DEA temporarily bans "bath salts" stimulant as hazardous - wistv.com - Columbia, South Carolina |

DEA temporarily bans "bath salts" stimulant as hazardous

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COLUMBIA, SC (WIS) - The Drug Enforcement Administration says it will temporarily outlaw possession and sale of three synthetic stimulants as dangerous chemicals that pose an imminent hazard to public health.

Sometimes packaged as bath salts or plant food and marketed under names such as "Purple Wave," ''Vanilla Sky" and "Bliss," the stimulants are especially popular among teens and young adults and are perceived as mimics of cocaine, LSD and methamphetamine.

The DEA says users have reported disorientation, extreme paranoia and violent episodes after ingesting the chemicals. They are sold on the Internet and in head shops and other retail outlets.

The ban will last at least a year, during which the government will determine whether it should permanently control the stimulants - Mephedrone, MDPV and Methylone.

Bath Salts come in a tiny container that looks harmless until you open it.     

Parent Andre Martin said he was surprise to learn the little jar's powdery bits are what drug experts call synthetic cocaine, and said the product doesn't look like something you would put in your bath.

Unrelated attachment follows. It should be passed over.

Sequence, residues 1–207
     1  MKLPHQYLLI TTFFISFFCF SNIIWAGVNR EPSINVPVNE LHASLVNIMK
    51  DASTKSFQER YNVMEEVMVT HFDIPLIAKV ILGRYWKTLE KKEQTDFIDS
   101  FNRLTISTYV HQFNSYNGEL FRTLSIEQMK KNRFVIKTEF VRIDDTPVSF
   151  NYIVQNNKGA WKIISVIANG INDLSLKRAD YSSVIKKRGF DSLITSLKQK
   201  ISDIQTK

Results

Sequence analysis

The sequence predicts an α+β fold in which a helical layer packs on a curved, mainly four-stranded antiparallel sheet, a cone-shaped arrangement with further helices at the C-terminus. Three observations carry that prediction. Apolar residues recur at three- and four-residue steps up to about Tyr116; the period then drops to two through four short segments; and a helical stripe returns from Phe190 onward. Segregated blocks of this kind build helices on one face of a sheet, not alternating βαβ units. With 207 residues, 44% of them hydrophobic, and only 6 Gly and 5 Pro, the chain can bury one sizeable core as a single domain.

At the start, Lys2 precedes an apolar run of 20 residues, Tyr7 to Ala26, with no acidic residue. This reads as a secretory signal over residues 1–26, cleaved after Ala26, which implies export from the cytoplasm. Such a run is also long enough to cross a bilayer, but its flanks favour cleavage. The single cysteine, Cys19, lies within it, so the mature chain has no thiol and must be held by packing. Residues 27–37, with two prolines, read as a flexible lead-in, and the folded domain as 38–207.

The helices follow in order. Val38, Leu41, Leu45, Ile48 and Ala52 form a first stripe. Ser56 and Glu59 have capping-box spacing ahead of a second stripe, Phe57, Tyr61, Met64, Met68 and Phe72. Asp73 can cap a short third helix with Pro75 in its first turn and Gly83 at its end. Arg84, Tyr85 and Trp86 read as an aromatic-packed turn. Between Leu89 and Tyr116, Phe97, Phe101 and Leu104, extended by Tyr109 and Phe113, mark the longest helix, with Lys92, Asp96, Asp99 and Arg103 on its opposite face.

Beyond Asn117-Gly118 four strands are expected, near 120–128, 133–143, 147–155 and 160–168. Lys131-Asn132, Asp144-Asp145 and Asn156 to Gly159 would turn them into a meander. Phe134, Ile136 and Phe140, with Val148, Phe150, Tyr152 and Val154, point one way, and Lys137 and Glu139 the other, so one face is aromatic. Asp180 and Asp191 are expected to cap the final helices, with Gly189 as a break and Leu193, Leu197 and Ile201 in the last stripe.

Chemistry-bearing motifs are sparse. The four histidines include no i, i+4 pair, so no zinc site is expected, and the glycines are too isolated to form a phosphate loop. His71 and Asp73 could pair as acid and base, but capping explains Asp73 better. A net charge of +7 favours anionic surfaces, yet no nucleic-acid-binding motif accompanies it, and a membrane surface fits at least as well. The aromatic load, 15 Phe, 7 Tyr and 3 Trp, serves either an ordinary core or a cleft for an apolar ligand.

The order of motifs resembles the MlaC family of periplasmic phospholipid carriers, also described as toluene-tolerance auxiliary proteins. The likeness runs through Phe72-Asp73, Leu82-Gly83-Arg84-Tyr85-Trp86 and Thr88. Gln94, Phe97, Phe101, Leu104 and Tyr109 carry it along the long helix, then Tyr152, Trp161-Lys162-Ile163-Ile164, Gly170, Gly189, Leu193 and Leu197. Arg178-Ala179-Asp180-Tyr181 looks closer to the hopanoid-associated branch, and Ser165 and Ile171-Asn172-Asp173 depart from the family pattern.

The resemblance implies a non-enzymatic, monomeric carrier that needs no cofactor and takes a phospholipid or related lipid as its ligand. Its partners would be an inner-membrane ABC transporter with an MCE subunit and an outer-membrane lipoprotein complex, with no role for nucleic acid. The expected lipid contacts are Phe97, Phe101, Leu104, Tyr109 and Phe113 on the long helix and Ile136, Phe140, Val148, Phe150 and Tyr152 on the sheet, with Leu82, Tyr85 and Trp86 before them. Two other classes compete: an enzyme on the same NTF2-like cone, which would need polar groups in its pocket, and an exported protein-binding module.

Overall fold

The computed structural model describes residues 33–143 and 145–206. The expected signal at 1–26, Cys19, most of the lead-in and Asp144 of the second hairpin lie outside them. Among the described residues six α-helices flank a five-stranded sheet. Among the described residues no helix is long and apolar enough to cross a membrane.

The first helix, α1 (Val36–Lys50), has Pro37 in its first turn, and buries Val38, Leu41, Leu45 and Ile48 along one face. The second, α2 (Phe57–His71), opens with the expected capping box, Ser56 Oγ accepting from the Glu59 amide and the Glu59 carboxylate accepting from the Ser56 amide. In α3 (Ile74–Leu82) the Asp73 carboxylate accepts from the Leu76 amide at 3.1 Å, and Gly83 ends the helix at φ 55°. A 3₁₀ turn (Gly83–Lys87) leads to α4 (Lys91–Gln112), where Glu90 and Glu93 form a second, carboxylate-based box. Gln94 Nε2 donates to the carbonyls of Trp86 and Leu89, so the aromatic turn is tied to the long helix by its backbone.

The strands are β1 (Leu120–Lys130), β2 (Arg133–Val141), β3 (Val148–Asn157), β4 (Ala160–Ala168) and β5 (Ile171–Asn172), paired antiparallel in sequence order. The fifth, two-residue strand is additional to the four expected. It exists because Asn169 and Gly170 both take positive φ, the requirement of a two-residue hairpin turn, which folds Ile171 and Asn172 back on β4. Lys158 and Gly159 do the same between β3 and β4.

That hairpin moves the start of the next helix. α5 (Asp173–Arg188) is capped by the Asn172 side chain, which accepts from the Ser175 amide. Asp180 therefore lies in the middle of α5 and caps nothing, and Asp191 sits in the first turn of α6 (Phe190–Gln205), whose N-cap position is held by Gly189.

Sean Irick, 17, says he learned about the drug at school. "I heard it's like coke for your nose, you just sniff it," said Irick.

You can smoke it or inject it and it's legal to purchase for only $18.

Irick's mom feels that Bath Salts are not good for the kids and if she would have seen the product in the store she wouldn't have thought anything of it.

The product is given clever names like "Ivory Wave", "White Lightning" or simply "Bath Salts."

Since the maker's name is not on the product, it could be made by anyone, even someone off the street.

Drug prevention specialist Cecily Watkins said there are so many synthetic forms out there, but it can only take one dose to kill your child.

Watkins says the high is short and the side effects can last up to three days, ranging from hallucinations, paranoia, kidney failure, violent acts and even suicide.

The state's poison control center says they've received 92 calls this year about the drug, and state leaders are pushing a legislation to make it illegal to buy Bath Salts in South Carolina.

For now, anyone over the age of 18 can buy it in the Midlands except for in Chesterfield County.

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